Nicollette and Schweigert also created a sophisticated manufacturing process for their irons that includes forging, high-precision CNC milling, robotic plasma face welding and injection molding. To date, Parsons Xtreme Golf has received seven patents on its designs and has more than 40 additional patents pending. 
 
"The proprietary technology is one of the most innovative concepts to ever hit the market in the iron category," said Schweigert, the managing director at PXG. "The extremely thin-faced construction coupled with a proprietary thermoplastic elastomer core supports performance gains greater than a similar-sized cavity-back in both distance and forgiveness."
 
 
PXG had invited Moore – famous on the PGA Tour for eschewing club contracts so he could pick and choose the clubs he preferred – to test out their clubs and provide a little feedback. He put the prototype PXG 03x irons in play at events including the Hyundai Tournament of Champions and the Waste Management Phoenix Open before signing his deal.
 
"I knew some of the guys involved in it, and they kind of asked me to look at some prototypes and sets to try," Moore told GolfDigest.com. "They sent me some, and I tried them and I really liked them. I've been searching for a set of irons, and these are the best set of irons I've hit in a really, really long time. I was excited and from the second I hit them I couldn't put them down."
 
Moore – who also owns a part of True Linkswear – has tied for 17th in Phoenix, tied for 22nd at Riviera, tied for ninth at Doral and finished fifth in Tampa.
 
His endorsement contract is the first big step for getting PXG into the public eye. The company hasn't said anything about its plans for bringing the clubs to retail or signing other brand ambassadors, though they'll obviously be very high-end when they do go on sale. Here are some other photos that PXG-related people have shared on social media:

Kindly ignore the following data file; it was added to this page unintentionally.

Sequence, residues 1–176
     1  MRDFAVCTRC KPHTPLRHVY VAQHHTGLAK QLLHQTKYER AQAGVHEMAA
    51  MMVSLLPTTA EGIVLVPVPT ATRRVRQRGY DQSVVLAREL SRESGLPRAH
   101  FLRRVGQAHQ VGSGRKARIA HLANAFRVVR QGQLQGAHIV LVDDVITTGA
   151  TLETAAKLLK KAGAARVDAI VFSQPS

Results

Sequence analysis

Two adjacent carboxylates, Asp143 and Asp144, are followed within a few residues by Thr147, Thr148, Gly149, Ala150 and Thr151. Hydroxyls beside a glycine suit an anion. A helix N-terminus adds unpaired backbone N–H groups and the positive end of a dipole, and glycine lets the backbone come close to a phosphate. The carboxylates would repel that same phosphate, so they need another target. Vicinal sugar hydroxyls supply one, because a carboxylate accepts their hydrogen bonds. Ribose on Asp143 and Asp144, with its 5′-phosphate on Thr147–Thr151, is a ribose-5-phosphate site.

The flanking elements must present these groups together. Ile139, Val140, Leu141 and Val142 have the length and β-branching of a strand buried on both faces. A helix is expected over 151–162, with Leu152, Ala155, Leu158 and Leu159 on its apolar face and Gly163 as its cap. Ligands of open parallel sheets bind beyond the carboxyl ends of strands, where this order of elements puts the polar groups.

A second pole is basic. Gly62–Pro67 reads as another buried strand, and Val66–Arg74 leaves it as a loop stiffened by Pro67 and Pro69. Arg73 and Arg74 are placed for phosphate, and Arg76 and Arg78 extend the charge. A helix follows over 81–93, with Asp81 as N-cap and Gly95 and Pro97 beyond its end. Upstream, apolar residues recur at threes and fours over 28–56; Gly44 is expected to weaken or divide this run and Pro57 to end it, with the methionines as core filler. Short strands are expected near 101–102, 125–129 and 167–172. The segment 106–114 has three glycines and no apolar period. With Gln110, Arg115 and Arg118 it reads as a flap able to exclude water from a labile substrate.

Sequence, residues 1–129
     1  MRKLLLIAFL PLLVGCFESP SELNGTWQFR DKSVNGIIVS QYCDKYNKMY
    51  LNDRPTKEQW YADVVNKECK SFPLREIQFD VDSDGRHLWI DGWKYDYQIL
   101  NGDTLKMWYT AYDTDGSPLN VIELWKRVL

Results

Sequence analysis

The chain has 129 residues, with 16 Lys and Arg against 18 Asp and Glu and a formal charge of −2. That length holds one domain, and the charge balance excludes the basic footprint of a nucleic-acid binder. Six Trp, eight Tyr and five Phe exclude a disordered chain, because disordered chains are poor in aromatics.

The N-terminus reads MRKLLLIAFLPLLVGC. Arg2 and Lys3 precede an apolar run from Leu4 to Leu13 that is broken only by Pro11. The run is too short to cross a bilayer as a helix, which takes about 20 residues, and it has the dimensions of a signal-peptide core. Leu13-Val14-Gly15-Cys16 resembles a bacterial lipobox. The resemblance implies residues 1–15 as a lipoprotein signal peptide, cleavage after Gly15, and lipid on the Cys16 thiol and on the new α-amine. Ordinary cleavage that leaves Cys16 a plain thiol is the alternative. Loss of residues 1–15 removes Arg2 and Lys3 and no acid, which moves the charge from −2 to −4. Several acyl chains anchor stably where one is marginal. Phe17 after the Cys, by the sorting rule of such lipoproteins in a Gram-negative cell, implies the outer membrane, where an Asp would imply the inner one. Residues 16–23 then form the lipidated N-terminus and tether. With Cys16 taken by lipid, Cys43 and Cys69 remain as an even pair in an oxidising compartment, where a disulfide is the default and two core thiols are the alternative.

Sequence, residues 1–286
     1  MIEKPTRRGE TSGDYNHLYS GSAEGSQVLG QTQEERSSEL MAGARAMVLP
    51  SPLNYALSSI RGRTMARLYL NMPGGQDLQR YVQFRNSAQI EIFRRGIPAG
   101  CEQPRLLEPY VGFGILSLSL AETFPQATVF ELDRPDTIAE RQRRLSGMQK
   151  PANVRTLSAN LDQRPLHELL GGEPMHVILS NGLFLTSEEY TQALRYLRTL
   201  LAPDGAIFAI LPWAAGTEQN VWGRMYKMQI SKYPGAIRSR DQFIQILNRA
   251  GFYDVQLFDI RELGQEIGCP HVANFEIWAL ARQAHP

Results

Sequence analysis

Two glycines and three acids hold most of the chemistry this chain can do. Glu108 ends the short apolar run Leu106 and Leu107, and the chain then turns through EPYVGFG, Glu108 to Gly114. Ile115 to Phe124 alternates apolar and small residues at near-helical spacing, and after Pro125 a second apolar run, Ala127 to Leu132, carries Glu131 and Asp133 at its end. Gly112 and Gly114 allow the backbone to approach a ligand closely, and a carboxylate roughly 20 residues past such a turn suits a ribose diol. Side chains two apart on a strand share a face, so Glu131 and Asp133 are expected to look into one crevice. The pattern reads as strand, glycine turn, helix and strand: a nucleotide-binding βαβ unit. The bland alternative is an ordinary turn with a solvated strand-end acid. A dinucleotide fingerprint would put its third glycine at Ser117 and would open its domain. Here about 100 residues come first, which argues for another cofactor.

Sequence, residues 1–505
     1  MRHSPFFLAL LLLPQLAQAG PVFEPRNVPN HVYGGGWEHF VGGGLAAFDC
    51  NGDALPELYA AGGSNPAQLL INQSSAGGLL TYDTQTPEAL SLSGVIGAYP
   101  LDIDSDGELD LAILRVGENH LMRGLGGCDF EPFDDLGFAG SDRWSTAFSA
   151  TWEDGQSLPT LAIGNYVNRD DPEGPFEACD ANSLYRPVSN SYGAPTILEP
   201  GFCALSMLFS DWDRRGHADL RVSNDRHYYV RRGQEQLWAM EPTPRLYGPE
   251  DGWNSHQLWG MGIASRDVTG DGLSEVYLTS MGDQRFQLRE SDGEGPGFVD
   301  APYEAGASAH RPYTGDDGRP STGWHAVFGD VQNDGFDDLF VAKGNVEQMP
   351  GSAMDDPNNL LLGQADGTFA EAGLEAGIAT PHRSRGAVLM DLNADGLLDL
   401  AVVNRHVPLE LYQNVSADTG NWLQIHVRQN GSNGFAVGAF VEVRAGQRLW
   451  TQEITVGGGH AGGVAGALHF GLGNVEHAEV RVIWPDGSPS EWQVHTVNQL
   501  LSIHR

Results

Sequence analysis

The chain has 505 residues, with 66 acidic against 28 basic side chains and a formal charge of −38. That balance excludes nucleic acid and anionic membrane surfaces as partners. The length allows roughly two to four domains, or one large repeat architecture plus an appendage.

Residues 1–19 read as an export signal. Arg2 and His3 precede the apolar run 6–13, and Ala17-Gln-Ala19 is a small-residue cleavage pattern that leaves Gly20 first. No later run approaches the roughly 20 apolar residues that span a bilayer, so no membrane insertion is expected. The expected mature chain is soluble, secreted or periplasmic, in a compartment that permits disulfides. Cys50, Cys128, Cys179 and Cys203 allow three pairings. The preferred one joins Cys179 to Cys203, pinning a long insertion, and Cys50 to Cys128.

April 2, 2015 - 1:17pm
Posted by:
T.J. Auclair
tj.auclair's picture
Keegan Bradley
USA Today Sports Images
Keegan Bradley got a little creative when asking his girlfriend to caddie for him in the Masters Par 3 Contest.

One of the great traditions during Masters week is the playing of the Par-3 Contest the day before the actual tournament starts.

The pictures each year from the Par-3 are the best -- the children of players decked out from head to toe in a Masters green hat and white, caddie jumpsuit; loved ones caddying, friends caddying, etc.

A LOOK BACK: Photos from the 2014 Masters Par-3 Contest | Masters field

Well, Jillian Stacey -- the longtime girlfriend of 2011 PGA Champion Keegan Bradley -- tweeted out a special invitation she received on Thursday from Bradley:

 

Nice touch with the green roses, Keegs.

April 2, 2015 - 12:34pm
Posted by:
T.J. Auclair
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Phil Mickelson
PGATour.com
In need of some confidence heading into the Masters, it's looking early on like the Shell Houston Open is just what the doctor ordered for Phil Mickelson.

Outside of a runner-up finish at the 2014 PGA Championship, Phil Mickelson hasn't played his best golf over the last 15 months. He missed the cut at the Masters a year ago for just the second time in his career.

This week, he's looking for some form before heading to Augusta, Ga., where he's looking to win his fourth green jacket.

RELATED: Shell Houston Open leaderboard | Masters field | Masters coverage

If Thursday's start to the Shell Houston Open, Mickelson might be finding that form at just the right time.

After missing the green with his approach on the par-4 10th hole at the Golf Club of Houston -- his first hole of the tournament -- Mickelson had his caddie pull the flag from the hole before he settled in for the birdie chip.

Here's what happened:

 

Not a bad way to get a round started.

At the time of this posting, Mickelson was 6 under through 12 holes and had an share of the early lead.